PAGADIAN CITY, Philippines (Mindanao Examiner / Aug. 12, 2010) - A women's party list group called GABRIELA has re-filed a bill seeking to legalize divorce in the Philippines.
It said the proposal would give married couples in irreparable marriages another legal remedy that they can resort to in addition to the country’s existing laws on legal separation and annulment.
House Bill 1799, also known as “An Act Introducing Divorce in the Philippines,” lists down five grounds for the filing of a petition for divorce.
According to the measure, couples who may apply for divorce include those who have been separated in fact for five years and those already legally separated for two years.
Grounds for legal separation may also apply when these same grounds have already caused the irreparable breakdown of the marriage. In addition, psychological incapacity, causing one's failure to comply with essential marital obligations and irreconcilable differences causing the irreparable breakdown of the marriage are also recognized as grounds for divorce.
Gabriela Representative Luz Ilagan stressed the need for a Divorce Law in the country. “We cannot ignore the fact that existing laws just do not suffice. Getting an annulment can be very expensive while legal separation will not give estranged couples the right to remarry,” she said in a statement.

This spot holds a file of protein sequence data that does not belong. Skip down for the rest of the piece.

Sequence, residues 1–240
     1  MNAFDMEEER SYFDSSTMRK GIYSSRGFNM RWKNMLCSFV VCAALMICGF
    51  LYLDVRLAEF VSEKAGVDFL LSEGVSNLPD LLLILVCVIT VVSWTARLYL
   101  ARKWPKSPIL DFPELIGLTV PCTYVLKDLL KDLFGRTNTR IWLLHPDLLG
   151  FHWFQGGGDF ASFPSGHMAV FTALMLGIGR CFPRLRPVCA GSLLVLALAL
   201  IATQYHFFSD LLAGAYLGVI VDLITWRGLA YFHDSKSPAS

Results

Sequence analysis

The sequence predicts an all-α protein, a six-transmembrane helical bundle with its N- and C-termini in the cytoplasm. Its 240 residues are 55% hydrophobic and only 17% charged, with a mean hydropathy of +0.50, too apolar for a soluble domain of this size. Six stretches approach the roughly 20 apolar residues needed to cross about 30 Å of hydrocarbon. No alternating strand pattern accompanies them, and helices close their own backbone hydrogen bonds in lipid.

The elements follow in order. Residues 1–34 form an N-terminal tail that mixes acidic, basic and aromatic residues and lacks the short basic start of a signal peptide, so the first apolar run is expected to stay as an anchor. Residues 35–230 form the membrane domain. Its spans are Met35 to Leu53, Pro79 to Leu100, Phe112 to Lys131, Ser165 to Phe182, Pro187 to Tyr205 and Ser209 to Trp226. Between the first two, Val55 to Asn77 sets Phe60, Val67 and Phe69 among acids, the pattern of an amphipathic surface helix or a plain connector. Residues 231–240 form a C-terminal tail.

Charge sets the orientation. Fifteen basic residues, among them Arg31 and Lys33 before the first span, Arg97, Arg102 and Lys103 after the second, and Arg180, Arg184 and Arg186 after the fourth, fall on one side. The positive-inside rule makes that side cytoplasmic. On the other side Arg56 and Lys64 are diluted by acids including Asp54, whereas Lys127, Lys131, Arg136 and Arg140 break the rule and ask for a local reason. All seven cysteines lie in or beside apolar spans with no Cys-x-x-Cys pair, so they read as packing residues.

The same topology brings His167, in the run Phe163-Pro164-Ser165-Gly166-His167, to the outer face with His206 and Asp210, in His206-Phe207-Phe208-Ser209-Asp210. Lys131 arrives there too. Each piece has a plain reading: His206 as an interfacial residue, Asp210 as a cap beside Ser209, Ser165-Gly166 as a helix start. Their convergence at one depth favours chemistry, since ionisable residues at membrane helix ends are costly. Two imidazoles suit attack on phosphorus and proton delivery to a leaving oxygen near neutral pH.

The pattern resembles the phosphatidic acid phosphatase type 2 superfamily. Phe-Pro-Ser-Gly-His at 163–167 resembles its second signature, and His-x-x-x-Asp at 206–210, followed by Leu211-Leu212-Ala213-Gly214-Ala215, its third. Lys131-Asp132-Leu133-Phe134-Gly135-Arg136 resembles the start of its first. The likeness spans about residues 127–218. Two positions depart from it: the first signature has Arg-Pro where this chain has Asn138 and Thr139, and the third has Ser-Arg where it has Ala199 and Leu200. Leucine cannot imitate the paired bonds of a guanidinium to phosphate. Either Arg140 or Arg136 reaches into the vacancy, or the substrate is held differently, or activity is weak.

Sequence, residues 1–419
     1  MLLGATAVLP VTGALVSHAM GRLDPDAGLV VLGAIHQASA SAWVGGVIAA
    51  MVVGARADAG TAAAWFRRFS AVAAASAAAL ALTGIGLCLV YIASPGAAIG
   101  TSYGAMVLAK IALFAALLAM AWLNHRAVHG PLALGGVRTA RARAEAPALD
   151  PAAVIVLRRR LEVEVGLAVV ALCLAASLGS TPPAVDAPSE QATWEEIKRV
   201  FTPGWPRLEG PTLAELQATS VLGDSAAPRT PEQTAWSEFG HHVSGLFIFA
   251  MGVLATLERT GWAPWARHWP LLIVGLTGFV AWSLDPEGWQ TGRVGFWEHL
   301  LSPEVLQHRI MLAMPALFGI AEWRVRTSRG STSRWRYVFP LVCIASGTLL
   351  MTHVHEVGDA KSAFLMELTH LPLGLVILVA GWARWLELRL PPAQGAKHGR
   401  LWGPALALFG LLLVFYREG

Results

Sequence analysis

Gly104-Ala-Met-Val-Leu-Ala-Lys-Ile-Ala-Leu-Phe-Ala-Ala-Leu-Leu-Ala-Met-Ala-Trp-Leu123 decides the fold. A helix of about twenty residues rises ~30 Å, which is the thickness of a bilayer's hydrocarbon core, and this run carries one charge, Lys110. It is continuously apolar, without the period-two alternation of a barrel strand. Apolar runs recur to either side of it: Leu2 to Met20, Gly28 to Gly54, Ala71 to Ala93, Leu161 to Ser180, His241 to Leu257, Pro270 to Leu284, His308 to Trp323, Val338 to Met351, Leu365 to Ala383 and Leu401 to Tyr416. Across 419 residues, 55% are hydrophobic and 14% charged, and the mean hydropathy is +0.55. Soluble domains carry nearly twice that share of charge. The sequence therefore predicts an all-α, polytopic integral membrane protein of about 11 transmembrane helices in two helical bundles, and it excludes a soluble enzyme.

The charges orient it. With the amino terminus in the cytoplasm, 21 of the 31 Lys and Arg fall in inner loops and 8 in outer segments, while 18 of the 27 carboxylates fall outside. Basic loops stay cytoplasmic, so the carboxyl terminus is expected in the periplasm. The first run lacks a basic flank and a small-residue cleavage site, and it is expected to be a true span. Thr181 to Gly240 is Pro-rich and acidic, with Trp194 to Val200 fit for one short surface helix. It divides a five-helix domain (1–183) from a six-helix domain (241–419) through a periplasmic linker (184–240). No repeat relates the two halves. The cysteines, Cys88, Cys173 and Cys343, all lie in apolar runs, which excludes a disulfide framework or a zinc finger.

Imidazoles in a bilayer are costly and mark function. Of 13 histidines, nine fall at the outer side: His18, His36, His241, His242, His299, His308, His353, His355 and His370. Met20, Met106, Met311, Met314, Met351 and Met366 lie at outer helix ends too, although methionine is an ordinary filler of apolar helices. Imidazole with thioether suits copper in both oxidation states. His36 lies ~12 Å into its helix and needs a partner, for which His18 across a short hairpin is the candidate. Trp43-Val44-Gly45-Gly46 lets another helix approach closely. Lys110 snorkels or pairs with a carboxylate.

The Divorce Bill’s explanatory note further elaborates on the need for a measure to address the commission of violence in marital relations. Official figures from the Philippine National Police in 2009 showed that 19 women fall victims to marital violence every day. Among the forms of violence and abuse against women committed in 209, wife battery ranked the highest at 6,783 or 72 percent.
“For women in abusive marital relationships, the need for a Divorce Law is real. It is high time that we give Filipino couples, especially the women, this option.” said another Gabriela Representative Emmi De Jesus.
The group first filed the Divorce Bill in the 13th Congress. The Gabriela solons expressed hope that with more women in the House of Representatives, now totaling 59, the pro-women measure will gain more support and spark interesting debates on the floor. (With a report from Becky de Asis)